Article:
'Minor physical anomalies' (MPAs) are defined as "subtle, abnormal morphological features, such as deviations in morphology of the head, eyes, ears, mouth, hands, and feet." I appreciate that such a term is probably not going to everyone's cup of tea, but given the embryological links between organs such as the brain and skin, it's assumed that "MPAs may mirror altered brain development."
That was the starting point for the study results published by Lynnea Myers and colleagues  looking for the presence of MPAs in a cohort of over 110 twins, around half of whom had received a concordant or discordant neurodevelopmental disorder diagnosis such as "intellectual disability (ID), communication disorders, autism spectrum disorder (ASD), attention-deficit/hyperactivity disorder (ADHD), specific learning disorders, and motor disorders." Alongside various behavioural and diagnostic assessments, researchers also used a special MPA checklist "containing a total of 179 anomalies for males (24 body regions) and 171 for females (23 body regions)" with their cohort. This checklist also included various other 'issues' that are "commonly assessed for in physical exams."
Various results were produced bearing in mind the quite complicated participant mix included for study (i.e. presence or not of a neurodevelopmental disorder, concordance among twins, zygosity, specific neurodevelopmental diagnosis, etc). Autism was the only neurodevelopmental diagnosis that was "significantly associated with the extent of MPAs." If twins were concordant for autism or autism spectrum disorder (ASD), researchers observed that they "had descriptively the highest median (Md) number of MPAs." Where twins were discordant - one had autism, the other not - researchers still observed MPAs, albeit to a slightly lesser degree (number). Further: "The most common MPAs in participants with ASD included overweight (39%), hypermobility (36%), pes planus (29%), straight eyebrows (29%), vision impairment (25%; 29% of these with corrective lenses), arachnodactyly/long toes (25%), long eyelashes (21%), and microtia (21%)."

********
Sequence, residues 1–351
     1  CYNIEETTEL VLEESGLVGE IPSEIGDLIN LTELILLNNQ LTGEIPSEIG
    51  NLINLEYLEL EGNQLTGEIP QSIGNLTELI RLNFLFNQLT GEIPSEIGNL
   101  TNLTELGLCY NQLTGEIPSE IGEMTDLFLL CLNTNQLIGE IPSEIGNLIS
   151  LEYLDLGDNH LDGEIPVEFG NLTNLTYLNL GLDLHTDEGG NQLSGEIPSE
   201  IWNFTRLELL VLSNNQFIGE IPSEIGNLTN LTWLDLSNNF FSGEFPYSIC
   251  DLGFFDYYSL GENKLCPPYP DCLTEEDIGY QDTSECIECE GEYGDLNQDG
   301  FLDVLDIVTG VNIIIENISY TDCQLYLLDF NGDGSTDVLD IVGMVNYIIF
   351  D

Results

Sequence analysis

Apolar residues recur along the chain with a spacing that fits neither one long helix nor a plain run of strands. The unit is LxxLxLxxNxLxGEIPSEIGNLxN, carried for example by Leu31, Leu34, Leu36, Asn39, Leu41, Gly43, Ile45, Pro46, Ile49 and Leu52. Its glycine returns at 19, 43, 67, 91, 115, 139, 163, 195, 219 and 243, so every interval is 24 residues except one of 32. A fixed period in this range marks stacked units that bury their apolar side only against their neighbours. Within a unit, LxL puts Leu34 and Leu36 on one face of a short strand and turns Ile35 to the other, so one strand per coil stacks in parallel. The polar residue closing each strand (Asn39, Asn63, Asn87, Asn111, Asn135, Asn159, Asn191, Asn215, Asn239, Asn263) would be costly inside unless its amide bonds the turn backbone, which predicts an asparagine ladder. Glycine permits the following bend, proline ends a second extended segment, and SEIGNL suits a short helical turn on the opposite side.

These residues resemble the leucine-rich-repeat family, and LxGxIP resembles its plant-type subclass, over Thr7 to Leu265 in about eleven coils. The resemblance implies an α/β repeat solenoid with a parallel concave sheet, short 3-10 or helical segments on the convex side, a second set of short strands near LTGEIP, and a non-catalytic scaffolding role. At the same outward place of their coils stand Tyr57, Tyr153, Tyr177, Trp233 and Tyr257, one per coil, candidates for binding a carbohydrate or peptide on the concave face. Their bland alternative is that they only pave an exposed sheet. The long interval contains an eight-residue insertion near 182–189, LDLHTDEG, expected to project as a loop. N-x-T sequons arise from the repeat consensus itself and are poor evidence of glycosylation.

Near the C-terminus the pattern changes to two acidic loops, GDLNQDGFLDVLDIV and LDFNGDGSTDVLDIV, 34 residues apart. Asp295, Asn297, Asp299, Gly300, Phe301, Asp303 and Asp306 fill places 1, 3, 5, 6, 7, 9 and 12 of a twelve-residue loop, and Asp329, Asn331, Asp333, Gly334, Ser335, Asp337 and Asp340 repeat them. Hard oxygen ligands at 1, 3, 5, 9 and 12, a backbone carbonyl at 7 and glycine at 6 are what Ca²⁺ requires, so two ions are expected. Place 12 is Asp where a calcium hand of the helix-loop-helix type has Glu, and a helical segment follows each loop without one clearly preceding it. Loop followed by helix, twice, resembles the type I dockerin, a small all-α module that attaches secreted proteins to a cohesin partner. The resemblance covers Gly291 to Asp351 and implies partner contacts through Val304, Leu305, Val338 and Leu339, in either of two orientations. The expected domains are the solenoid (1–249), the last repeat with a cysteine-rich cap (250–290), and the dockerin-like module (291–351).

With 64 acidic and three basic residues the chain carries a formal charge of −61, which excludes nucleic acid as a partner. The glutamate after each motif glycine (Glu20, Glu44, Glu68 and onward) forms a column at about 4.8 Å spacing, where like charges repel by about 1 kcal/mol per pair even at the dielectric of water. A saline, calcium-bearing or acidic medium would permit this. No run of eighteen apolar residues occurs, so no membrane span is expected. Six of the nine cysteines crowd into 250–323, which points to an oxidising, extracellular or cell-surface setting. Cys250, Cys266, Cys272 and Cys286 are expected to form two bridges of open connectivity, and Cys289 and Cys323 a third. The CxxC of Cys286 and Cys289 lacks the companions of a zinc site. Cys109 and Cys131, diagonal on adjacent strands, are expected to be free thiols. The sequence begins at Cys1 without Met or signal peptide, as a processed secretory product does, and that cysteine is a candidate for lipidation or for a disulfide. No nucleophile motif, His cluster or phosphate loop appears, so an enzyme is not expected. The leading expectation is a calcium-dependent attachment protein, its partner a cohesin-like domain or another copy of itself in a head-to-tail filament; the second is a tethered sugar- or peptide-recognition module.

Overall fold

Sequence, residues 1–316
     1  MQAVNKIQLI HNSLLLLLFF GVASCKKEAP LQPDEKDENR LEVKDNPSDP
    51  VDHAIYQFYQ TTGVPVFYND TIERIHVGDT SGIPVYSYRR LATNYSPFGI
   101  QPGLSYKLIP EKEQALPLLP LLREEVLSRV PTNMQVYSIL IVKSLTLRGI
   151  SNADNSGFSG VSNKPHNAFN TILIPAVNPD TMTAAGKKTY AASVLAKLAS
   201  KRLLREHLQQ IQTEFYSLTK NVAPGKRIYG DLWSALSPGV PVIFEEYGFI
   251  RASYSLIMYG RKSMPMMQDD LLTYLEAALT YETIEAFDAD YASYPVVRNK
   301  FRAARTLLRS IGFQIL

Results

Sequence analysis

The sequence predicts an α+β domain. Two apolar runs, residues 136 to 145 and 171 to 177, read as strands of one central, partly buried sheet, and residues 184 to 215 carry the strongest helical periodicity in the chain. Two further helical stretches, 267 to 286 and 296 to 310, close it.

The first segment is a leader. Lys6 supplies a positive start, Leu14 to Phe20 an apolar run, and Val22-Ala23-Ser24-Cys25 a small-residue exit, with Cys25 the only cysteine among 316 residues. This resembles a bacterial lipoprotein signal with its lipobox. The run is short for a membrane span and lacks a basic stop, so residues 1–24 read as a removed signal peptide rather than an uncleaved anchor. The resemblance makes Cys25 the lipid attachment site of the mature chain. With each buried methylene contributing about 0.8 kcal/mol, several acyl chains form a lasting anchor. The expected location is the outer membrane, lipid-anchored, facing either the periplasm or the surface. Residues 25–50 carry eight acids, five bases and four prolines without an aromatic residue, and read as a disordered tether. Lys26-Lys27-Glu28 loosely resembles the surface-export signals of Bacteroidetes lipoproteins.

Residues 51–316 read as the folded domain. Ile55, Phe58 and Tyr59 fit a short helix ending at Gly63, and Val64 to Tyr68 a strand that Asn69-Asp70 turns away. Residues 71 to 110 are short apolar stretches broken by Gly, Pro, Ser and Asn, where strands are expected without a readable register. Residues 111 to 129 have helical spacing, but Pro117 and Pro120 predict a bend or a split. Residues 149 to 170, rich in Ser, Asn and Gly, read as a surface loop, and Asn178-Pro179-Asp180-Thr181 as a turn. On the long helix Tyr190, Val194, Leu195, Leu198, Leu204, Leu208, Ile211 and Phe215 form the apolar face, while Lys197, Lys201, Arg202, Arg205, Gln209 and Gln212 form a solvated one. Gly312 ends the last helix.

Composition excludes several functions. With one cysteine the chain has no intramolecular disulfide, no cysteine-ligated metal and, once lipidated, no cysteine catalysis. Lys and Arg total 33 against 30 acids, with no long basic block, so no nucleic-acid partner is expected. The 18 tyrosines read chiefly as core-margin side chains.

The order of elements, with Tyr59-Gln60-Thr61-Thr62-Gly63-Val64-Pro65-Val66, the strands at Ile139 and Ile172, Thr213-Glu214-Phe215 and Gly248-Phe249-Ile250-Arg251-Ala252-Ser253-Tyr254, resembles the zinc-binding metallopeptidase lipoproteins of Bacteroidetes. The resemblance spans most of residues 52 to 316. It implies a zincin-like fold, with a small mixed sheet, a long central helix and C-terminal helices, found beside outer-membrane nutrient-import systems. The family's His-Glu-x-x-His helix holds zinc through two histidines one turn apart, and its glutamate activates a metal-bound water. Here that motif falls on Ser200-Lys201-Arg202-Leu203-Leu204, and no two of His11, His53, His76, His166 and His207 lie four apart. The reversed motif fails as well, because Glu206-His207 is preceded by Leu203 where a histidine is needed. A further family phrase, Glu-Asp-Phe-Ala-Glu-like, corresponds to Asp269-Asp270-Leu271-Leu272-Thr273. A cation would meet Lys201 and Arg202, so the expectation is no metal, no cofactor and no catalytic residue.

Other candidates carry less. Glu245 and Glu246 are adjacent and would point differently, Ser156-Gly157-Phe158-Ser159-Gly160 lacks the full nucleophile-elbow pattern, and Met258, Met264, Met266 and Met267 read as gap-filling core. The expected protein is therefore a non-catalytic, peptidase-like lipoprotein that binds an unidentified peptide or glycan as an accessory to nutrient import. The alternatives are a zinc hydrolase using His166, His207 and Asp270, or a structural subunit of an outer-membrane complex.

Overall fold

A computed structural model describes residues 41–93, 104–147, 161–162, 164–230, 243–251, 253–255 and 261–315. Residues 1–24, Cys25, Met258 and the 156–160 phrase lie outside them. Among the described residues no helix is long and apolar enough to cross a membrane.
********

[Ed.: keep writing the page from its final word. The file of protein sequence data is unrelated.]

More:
Putting to one side the important findings that almost 40% of those with ASD were described as overweight (see here) or that vision issues were present in a quarter (see here), I was drawn to the suggestion that quite a percentage of those with autism (36%) were described as having hypermobility. Hypermobility, where joints are more flexible than usual, in the context of autism is something of an interest of mine (see here and see here). Not least because it is an area of the autism research landscape crying out for a lot more investigation, both as part of a wider 'psychiatric picture' (see here) and also in the 'ESSENCE' context that autism rarely exists in some sort of diagnostic vacuum (see here).
Minus any sweeping generalisations, there are a few potentially important implications either linked to or arising from hypermobility in the context of autism. Poor balance and/or coordination is one possible outcome from hypermobility that would perhaps tie into what has been discussed in the autism research literature for years and years now  (even Kanner mentioned it). The observation that functional gastrointestinal (GI) issues such as constipation and diarrhoea also seem to be over-represented in relation to hypermobility  also potentially accords with findings pertinent to quite a lot of autism (see here) (bearing in mind that I'm not saying that all bowel issues noted in autism are necessarily hypermobility-connected). If however one was to stretch things further, one might be looking at something like joint hypermobility in the context of connective tissue disorder and what that could mean for something like intestinal permeability issues associated with 'some' autism (see here). I know this is speculative, but at least it provides a research plan of action to include in future investigations in this area.
 Myers L. et al. Minor physical anomalies in neurodevelopmental disorders: a twin study. Child and Adolescent Psychiatry and Mental Health. 2017; 11: 57.
 Cassidy S. et al. Dyspraxia and autistic traits in adults with and without autism spectrum conditions. Mol Autism. 2016 Nov 25;7:48.
 Fikree A. et al. Functional gastrointestinal disorders are associated with the joint hypermobility syndrome in secondary care: a case-control study. Neurogastroenterol Motil. 2015 Apr;27(4):569-79.